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Forex Market News

Source: ACFX Forex Broker (Review and Forex Rebate Program)

The latest failure to reach an agreement which resolves the Greek debt crisis continues to tax the minds of European leaders and Finance Ministers.

It is also beginning to make the markets jittery and adding to market volatility and spikes in the price action.

There was much optimism earlier in the week with the Greek Government presenting what many saw as the first serious proposal since they came to power five months ago.

The IMF however baulked at the Greek plan which they felt was heavy on tax increases and light on budget cuts.

The Greek Government is unwilling to cross its red lines of cutting pensions and salaries or head counts in the public sector.

This has led the IMF to the conclusion that the math simple does not add up and that the Greek Government will not be able to boost revenues through tax increases.

Far from it, increasing taxes on the wealthy and businesses could actually stifle economic growth.

The International Monetary Fund’s aim is for the Greek Government to create a plan that would allow for stable future budgets and the generation of budget surpluses.

Interestingly unlike its fellow creditors made up of European Union member states the IMF has promoted the idea of debt relief. The Greek debt is astronomical for an economy of its size and the IMF has correctly recognized that this debt is unmanageable.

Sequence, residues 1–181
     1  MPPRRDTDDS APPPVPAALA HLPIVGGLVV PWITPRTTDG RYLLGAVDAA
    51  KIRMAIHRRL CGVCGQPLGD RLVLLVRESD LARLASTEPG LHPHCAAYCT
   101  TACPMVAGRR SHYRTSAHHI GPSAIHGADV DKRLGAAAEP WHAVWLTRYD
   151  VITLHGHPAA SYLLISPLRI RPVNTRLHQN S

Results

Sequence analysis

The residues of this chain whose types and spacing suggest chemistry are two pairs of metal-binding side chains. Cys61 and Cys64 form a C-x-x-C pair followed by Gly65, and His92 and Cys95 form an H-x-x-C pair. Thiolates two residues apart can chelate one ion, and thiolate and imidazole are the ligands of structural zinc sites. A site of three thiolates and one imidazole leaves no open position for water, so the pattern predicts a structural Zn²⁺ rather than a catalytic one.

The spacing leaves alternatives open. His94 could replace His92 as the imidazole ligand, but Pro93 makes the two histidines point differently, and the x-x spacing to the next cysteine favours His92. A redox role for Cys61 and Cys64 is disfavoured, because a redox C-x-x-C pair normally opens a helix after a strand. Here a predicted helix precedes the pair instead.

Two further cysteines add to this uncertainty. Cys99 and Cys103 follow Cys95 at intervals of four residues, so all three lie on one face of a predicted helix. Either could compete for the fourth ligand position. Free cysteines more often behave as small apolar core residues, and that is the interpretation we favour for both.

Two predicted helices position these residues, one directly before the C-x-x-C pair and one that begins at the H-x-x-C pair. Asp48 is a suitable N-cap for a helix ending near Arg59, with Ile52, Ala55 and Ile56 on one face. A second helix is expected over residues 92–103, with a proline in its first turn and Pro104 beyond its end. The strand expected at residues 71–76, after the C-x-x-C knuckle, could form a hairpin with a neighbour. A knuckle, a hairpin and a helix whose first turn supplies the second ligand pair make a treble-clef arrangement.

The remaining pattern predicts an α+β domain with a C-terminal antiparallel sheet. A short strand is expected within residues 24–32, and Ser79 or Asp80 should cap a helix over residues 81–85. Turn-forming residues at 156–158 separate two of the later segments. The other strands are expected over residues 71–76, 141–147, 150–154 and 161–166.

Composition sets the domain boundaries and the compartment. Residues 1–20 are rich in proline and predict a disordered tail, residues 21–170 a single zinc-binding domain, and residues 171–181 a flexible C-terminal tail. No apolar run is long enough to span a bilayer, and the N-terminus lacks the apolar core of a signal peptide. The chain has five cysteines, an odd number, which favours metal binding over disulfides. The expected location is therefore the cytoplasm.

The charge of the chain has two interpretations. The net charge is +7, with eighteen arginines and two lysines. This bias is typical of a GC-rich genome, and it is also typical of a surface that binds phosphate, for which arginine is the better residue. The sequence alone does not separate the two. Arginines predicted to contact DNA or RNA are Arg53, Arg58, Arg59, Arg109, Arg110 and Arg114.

The size of the Greek public debt is not the fault of the current Greek Government. The current crisis is due to the borrow and spend policies of prior PASOK and Nea Democratia Governments.

However, unfortunately this Greek Government needs to reach an agreement by June 30 if it is going to avoid defaulting to the IMF.

Therefore a compromise position has to be found that ticks all the boxes of the international creditors to the Greek Government.

This will mean the Greek Prime Minister Alex Tsipras backing down and presenting and unpalatable agreement to SYRIZA members of Parliament in the Greek legislature.

With the discussion having moved forward somewhat in recent weeks, it would appear that debt relief is now on the agenda.

What we really need to see now is an agreement which states that debt relief will be discussed if the Greek Government agrees to the reforms that are being promoted by the IMF and the Europeans.

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